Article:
Ghana restricts poultry meat imports

Ghana’s Ministry of Food and Agriculture appears to be proposing a policy aiming to reduce poultry imports and improve local production, according to Citi FM Online of Ghana.

Annie Andre,
Annie Andre,

Ghana’s Ministry of Food and Agriculture appears to be proposing a policy aiming to reduce poultry imports and improve local production, according to Citi FM Online of Ghana.

Statistics available at the ministry indicate that only 42 percent of poultry meat consumed in Ghana is from domestic suppliers, with the remaining 58 percent are imported from the European Union and the United States.

Speaking to the news agency during a recent tour of Tema Harbour, Deputy Minister of Food and Agriculture (MoFA), Dr. Hannah Bissiw, confirmed the government’s commitment to revamp the country’s agricultural sector and maintain job opportunities in the sector.

Also reporting on the event, Ghana Broadcasting Corporation said that changes instituted by the Tema Port Administration from the end of this month will end the falsification of documents used in the clearing of imported frozen cargo, particularly poultry and poultry products.

It is unclear whether these restrictions are related to recent outbreaks of avian influenza (AI).

Avian flu situation in Ghana

One month ago, Citi FM Online reported that Ghana had not recorded any new cases of AI in poultry since December 15, 2015. MoFA attributed this to the effective response and control interventions instituted before and during an outbreak last year.

At a stakeholders’ meeting in Accra at that time, Bissiw assured the public that there is no risk in eating locally produced poultry products, advising that they are well cooked before consumption.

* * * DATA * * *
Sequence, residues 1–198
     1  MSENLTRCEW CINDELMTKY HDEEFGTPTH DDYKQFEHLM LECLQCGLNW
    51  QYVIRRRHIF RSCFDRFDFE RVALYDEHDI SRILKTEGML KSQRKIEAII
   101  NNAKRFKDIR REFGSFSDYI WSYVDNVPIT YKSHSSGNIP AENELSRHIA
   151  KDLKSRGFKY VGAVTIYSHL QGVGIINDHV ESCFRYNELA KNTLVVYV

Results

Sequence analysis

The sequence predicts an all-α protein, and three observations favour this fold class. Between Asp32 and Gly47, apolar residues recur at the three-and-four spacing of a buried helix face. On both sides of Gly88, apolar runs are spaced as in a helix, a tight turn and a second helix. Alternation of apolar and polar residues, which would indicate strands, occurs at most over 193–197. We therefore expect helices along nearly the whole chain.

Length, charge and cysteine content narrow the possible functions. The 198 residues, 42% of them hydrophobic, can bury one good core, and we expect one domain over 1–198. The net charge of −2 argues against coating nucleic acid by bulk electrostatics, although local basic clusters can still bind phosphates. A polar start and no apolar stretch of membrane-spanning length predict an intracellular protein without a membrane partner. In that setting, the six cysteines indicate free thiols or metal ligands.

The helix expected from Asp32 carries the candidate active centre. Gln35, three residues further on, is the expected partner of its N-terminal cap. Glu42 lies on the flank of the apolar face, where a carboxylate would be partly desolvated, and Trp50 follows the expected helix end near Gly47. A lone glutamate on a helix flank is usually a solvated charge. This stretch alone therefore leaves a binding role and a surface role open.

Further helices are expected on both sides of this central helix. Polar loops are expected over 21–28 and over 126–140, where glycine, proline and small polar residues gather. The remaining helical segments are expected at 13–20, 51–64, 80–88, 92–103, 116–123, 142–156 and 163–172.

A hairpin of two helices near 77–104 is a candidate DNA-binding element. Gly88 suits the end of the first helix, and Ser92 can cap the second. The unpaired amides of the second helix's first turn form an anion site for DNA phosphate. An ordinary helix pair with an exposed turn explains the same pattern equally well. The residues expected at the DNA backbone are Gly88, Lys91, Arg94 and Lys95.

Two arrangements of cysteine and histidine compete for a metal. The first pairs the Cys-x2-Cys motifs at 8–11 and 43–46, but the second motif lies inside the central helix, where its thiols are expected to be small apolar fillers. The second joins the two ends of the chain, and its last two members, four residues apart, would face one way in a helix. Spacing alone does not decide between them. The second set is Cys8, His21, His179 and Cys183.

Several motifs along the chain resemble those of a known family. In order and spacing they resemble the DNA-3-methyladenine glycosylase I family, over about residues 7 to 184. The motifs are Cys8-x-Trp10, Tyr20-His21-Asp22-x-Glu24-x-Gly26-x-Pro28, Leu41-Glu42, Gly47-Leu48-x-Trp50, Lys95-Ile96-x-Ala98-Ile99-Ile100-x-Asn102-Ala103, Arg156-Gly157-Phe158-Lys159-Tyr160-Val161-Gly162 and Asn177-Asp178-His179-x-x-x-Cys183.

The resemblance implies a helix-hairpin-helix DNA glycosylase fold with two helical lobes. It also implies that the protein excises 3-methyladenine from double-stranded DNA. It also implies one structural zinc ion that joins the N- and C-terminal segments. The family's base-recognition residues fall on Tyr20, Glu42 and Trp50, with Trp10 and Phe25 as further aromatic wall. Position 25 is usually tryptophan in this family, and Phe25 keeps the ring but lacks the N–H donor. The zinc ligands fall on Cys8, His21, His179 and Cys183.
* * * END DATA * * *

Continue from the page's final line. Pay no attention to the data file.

The first AI outbreak occurred in the country in 2007, she said, while the latest incidents began in May of 2015.

In November, Parliament approved finds from its Contingency Fund to support the Ministry’s emergency plan to combat the outbreak of the disease through better detection and surveillance. More than GHC1.067 million (US$270,900), has been paid in compensation to 25 affected farmers at a rate of 90 percent of their losses of live birds. Under the control measures, almost 76,000 birds had been culled while a further 26,434 birds died of the disease. Infected feed, eggs and other poultry farm equipment were also destroyed.

Also in late January, Ghana Web reported the National Poultry Farmers’ Association expressed dissatisfaction with MoFA’s measures to combat AI. According to that report, there had been 36 outbreaks of AI in the country, 31 in the Greater Accra region. 

Ghana poultry production

FAOstat puts Ghana’s poultry meat output just under 51,000 metric tons (mt) in 2013, the most recent year for which figures are published. The same source puts imports in 2011 at more than 155,000mt, representing a huge increase from less than 14,000 mt in 2000.

Ghana operates in a relatively free market environment, according to a recent GAIN report from the USDA Foreign Agricultural Service. Despite its relatively open market, some tariff and non-tariff barriers remain and pose challenges to the importation of a number of agricultural products, which include poultry. Importers must obtain import permits from the Government of Ghana before importation, and the issuance of such permits for poultry can be discretionary and restrictive because the quantity and frequency of imports are controlled.

In November of 2015, Deputy Secretary Krysta Harden of the USDA announced at a press event in Ghana USDA’s Food-for-Progress Program for Poultry to Ghana, valued at US$58 million over the next 5 years. 

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